BANGKOK — The government of Malaysia and an American ocean exploration company began a new effort on Wednesday to solve one of history’s greatest aviation mysteries: the disappearance of Malaysia Airlines Flight 370 nearly four years ago.
Ocean Infinity, a Houston-based company, could receive as much as $70 million if it finds the plane’s debris field or two data recorders within 90 days, Transportation Minister Liow Tiong Lai said Wednesday at a signing ceremony with company officials at Putrajaya, Malaysia’s federal administrative center.
But under the agreement, the company will receive nothing if it does not find the missing Boeing 777, which disappeared over the Indian Ocean on March 8, 2014, with 239 people aboard.
Mr. Liow called it a “no cure, no fee” agreement.
Under the contract, Malaysia will pay Ocean Infinity $20 million if it finds the wreckage or data recorders early in the search. The potential fee rises in staggered amounts to as much as $70 million, depending on how large an area the vessel searches before locating the plane.
The Seabed Constructor, a ship operated by the company, left Durban, South Africa, a week ago to get in position for the search. Weather can be harsh in the Indian Ocean, and the Southern Hemisphere’s summer, which is nearly half over, offers the best search conditions.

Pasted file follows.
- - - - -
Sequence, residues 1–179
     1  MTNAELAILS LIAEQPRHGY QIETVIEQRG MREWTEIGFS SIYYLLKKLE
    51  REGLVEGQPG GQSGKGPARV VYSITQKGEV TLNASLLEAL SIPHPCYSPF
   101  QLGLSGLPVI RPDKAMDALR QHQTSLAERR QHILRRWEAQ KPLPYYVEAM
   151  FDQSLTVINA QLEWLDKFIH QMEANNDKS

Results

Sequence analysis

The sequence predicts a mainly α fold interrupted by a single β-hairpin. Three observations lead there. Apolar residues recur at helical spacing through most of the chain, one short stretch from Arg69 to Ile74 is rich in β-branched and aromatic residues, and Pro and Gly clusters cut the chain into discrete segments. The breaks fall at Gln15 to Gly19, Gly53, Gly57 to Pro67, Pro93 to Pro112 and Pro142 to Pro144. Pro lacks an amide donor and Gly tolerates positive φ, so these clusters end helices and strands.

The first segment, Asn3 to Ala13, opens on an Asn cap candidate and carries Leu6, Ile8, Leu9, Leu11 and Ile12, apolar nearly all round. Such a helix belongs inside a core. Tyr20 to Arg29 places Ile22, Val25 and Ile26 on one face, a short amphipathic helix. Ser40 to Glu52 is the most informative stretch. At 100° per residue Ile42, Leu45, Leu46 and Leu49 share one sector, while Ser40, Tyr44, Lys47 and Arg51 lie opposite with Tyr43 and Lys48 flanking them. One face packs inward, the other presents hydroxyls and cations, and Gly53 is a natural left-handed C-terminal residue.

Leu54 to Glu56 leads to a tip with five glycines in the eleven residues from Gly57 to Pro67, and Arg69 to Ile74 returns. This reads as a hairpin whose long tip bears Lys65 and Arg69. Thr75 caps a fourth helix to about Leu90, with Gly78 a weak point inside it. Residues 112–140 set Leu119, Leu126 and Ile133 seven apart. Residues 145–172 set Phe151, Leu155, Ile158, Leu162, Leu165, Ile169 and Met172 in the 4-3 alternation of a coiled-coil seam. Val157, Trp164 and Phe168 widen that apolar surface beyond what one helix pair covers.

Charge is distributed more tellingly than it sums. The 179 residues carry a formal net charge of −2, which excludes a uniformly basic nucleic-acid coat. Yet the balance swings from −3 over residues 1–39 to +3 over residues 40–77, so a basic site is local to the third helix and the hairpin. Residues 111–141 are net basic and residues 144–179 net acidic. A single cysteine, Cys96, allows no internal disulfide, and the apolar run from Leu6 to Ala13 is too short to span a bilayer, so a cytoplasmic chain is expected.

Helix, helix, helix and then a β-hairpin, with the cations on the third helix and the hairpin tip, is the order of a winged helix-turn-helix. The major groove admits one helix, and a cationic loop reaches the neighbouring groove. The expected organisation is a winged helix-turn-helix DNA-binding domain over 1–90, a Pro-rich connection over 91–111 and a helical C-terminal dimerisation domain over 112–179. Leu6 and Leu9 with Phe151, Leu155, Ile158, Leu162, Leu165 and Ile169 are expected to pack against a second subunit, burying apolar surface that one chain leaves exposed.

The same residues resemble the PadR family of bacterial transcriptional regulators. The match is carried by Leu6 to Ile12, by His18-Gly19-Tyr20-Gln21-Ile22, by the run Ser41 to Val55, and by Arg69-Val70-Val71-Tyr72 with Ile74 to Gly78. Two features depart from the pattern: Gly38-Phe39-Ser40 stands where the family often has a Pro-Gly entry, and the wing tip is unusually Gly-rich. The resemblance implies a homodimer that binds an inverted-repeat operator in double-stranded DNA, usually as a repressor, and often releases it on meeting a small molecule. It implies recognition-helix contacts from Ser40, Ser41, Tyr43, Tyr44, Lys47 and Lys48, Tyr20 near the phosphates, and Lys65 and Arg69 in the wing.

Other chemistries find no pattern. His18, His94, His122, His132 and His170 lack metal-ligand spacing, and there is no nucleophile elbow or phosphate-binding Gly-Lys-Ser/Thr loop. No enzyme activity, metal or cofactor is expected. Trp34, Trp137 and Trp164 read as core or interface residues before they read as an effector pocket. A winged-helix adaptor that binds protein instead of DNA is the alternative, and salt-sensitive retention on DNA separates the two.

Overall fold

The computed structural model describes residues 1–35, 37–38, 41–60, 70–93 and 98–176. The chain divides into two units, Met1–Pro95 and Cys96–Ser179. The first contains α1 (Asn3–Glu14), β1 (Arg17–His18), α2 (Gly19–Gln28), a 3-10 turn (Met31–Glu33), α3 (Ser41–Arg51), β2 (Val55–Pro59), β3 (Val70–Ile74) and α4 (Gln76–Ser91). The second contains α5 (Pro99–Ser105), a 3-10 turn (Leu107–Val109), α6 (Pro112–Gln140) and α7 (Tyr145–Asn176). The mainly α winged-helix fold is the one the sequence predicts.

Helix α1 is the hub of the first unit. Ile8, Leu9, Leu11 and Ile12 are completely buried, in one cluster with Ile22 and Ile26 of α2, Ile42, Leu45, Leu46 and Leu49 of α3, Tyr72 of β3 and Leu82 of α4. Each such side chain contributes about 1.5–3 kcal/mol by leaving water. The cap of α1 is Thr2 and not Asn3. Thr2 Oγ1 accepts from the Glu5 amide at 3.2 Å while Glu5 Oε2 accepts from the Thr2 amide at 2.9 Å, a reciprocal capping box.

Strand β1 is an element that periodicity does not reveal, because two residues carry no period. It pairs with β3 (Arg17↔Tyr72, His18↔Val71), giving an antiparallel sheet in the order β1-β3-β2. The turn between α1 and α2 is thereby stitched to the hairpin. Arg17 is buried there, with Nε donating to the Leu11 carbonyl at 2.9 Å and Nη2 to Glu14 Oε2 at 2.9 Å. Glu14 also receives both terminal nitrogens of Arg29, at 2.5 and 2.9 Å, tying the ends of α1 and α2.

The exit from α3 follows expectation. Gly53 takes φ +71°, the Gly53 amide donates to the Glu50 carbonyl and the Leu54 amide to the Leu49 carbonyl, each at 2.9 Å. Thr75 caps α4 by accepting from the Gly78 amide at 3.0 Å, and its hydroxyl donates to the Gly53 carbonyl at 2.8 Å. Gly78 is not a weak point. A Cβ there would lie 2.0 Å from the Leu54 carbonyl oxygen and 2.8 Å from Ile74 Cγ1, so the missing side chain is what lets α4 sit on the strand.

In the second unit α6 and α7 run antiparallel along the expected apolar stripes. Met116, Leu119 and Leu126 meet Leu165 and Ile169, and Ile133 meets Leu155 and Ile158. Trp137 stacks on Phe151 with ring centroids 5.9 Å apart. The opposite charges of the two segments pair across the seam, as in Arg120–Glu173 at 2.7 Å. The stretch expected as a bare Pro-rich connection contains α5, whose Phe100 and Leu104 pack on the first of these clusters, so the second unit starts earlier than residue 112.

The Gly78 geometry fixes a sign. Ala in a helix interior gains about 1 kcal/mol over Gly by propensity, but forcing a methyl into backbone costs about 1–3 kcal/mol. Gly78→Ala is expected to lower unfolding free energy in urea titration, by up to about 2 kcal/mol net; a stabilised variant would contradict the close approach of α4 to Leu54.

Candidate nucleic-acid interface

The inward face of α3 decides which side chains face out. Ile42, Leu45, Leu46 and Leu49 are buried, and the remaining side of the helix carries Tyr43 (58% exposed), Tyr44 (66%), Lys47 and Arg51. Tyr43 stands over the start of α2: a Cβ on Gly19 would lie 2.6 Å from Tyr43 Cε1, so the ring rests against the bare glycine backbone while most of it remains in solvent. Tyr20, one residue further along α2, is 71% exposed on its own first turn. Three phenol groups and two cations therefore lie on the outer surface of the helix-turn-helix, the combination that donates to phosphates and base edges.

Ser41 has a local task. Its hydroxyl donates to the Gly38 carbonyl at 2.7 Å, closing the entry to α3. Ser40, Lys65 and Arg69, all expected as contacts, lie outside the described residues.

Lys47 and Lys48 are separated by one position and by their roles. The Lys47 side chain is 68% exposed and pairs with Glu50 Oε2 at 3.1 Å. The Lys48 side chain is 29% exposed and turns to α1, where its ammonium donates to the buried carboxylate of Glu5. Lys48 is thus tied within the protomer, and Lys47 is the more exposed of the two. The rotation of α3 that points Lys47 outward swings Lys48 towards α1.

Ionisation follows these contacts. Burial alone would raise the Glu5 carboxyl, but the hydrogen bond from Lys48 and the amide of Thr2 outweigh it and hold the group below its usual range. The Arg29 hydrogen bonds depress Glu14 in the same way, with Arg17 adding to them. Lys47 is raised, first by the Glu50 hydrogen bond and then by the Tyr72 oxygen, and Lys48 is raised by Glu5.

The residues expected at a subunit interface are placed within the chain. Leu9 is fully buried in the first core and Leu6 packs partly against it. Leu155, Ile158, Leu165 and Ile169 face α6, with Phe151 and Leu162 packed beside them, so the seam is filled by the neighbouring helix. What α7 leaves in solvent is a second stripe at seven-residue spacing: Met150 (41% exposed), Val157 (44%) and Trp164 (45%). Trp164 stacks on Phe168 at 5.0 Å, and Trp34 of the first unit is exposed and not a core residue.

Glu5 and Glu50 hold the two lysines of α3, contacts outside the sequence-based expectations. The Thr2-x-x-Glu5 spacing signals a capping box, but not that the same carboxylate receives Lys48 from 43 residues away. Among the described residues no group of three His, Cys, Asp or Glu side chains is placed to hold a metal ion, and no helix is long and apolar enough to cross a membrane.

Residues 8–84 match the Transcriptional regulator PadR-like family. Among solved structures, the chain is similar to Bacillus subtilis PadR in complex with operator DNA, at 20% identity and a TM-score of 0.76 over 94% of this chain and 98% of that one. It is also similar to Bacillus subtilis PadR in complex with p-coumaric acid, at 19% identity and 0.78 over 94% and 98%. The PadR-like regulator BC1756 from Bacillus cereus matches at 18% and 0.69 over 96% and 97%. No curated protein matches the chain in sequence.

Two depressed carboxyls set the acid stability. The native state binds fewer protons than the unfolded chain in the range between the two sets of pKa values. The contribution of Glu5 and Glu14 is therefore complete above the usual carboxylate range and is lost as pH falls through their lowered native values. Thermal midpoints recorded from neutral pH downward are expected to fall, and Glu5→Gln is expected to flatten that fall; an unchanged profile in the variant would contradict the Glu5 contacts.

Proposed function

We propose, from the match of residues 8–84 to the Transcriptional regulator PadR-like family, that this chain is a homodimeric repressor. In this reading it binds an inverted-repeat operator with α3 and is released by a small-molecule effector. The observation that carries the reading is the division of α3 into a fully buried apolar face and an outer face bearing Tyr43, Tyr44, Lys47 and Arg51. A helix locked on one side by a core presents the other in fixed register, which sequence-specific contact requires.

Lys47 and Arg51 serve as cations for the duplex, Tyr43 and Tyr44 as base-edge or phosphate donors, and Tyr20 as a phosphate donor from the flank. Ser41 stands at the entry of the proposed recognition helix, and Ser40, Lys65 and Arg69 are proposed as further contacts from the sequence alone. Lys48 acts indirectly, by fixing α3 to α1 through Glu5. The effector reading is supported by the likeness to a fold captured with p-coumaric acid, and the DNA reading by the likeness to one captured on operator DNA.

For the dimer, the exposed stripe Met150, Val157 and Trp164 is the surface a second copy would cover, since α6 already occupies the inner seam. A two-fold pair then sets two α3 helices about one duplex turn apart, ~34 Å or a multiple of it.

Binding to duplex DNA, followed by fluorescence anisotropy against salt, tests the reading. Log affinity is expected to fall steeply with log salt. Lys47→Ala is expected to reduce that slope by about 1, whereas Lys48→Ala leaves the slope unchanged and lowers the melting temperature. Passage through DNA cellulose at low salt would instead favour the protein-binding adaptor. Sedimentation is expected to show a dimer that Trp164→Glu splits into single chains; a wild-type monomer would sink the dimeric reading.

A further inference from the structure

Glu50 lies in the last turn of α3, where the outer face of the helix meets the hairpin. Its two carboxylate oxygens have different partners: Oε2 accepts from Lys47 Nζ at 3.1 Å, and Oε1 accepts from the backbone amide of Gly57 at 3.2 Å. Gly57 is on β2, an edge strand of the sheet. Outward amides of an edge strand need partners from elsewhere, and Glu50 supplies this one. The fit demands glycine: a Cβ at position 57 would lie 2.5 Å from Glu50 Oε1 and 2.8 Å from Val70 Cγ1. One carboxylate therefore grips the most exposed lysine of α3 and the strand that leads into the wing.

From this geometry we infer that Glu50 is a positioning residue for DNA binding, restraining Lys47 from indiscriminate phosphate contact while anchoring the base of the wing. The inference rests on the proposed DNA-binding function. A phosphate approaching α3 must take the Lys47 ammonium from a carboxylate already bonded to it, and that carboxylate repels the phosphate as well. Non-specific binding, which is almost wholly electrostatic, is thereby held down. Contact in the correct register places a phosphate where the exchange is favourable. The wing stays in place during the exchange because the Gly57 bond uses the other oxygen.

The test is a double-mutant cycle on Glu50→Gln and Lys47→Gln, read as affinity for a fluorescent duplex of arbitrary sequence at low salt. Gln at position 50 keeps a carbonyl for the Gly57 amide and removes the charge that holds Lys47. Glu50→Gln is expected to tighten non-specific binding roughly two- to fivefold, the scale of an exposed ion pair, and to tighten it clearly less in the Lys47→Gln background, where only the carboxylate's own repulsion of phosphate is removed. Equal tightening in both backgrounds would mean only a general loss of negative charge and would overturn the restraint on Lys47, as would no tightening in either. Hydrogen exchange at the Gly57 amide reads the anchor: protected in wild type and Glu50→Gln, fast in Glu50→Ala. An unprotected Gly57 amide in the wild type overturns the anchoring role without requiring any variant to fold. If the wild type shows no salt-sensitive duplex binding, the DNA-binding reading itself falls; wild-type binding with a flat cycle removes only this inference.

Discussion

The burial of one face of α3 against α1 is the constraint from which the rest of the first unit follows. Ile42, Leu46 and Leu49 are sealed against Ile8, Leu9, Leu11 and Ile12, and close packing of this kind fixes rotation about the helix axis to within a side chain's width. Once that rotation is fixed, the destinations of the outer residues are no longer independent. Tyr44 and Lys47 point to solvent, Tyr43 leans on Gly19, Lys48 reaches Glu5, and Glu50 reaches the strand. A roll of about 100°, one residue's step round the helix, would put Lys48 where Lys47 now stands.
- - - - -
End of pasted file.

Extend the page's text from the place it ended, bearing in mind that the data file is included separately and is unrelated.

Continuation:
Last January, Australian officials indefinitely suspended the unsuccessful search for Flight 370 after nearly three years. They concluded that they may have been looking too far south in the Indian Ocean.
The aircraft was heading to Beijing, from Kuala Lumpur, the Malaysian capital, when it deviated from its scheduled route for reasons unknown and headed south over the Indian Ocean, flying for about five hours and, most likely, running out of fuel. Although Malaysia’s military radar tracked the plane’s initial movements, the Malaysian Air Force did not scramble fighter jets to intercept the aircraft.
The plane’s exact route over the Indian Ocean remains uncertain. Experts attempted to determine the likely crash site by tracing communications signals between the aircraft and a satellite, but they could not pinpoint where the plane went down.
Many theories have been advanced to explain the plane’s disappearance, including the possibility that the pilot deliberately crashed the aircraft.
In 2016, more than two years after the plane disappeared, Malaysian officials acknowledged that the pilot, Capt. Zaharie Ahmad Shah, had practiced flying a route over the Indian Ocean on his home flight simulator. The disclosure added to speculation that he had deliberately flown to a remote area and crashed into the sea.
Two thirds of the passengers were Chinese citizens, and 50 of those aboard — including all 12 crew members — were Malaysian.
Malaysia, China and Australia, which lost six people on the flight, spent about $157 million on the search of the ocean floor west of Australia.
That comes to about $660,000 for each missing passenger and crew member. Critics of the prolonged search have said the money could have been better spent.